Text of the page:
New Crosman Full Auto R1- Coming To A Store near You Soon!
A second new addition to the Velocity Outdoor product line is the Crosman Full Auto R1. This is a partner to the new Full Auto P1. It’s also clearly a version of the full auto DPMS and Bushmaster MPW which earned a HAM Gold Award on test.
The Crosman Full Auto R1 is a selective-fire BB gun that’s powered by CO2 and holds 25 rounds in its detachable magazine. Muzzle velocity is specified as being up to 430 FPS. Like all CO2-powered airguns, this will vary due to ambient temperature and rate of fire.
Talking of rate of fire, the manufacturer says it’s as high as 1400 rounds per minute on full auto. Of course you can shoot the gun on semi-auto also, if you can’t think of a good reason to flip the “fun switch” all the way round!
The Crosman Full Auto R1 is supplied with a red dot reflex sight and BB speed loader. You’re really going to need the speed loader, together with a ton of BBs and a truck load of CO2 cartridges. This gun is an absolute hoot to shoot!
Like the DPMS and Bushmaster MPW. the R1 is a M4-style BB gun that’s a very close replica of the real thing. It field strips like an M4 and is just crying out to be accessorized to your taste.
As a blowback-operated BB gun, there’s a good recoil feeling in action – particularly with fresh CO2 cartridges. Two are used at once, loaded in the drop-free magazine along with the BBs.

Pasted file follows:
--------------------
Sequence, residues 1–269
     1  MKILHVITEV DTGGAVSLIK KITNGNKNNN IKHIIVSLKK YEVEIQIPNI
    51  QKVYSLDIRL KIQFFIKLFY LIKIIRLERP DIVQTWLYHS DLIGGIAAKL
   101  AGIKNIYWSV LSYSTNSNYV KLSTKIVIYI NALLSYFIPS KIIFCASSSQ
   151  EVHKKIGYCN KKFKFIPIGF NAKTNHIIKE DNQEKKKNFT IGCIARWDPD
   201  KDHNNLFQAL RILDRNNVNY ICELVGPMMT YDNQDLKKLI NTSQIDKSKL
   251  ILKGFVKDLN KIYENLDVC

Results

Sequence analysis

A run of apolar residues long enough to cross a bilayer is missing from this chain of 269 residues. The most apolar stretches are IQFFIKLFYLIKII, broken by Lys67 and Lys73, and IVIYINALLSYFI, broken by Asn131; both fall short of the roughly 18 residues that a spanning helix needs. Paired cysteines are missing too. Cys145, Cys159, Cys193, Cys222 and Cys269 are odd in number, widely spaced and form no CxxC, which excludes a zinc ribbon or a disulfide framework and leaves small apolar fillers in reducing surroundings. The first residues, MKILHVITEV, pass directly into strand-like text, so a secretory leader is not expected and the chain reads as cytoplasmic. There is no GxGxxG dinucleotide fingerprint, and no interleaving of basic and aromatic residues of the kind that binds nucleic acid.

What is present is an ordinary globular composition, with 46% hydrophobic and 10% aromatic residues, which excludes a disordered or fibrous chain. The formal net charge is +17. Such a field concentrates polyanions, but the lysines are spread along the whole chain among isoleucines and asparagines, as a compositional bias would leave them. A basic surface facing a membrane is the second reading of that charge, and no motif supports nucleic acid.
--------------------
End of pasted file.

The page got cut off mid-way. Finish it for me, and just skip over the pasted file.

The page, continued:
Using some gear from our friends at Leapers, we first tried a modest approach with bipod and sling…
Then we went further and replaced the red dot reflex sight with a more up-market model and an M4 pistol grip.
The buttstock is adjustable. There’s the 6-point adjustment system to instantly modify the length of pull. The ejection port cover springs open in use, too. And the gun is cocked by using the M4-like charging handle.
HAM expects very similar performance to the Bushmaster MPW we tested. That gave a maximum of 350 FPS at 65 degrees F firing semi-auto, together with around 220 shots from two CO2 cartridges.
Typically, the Muzzle Velocity of CO2-powered airguns changes by about 2 FPS per degree Farenheit. This means that at 90 degrees, the test gun would shoot at around 410 FPS. That’s very close to the manufacturer’s specification.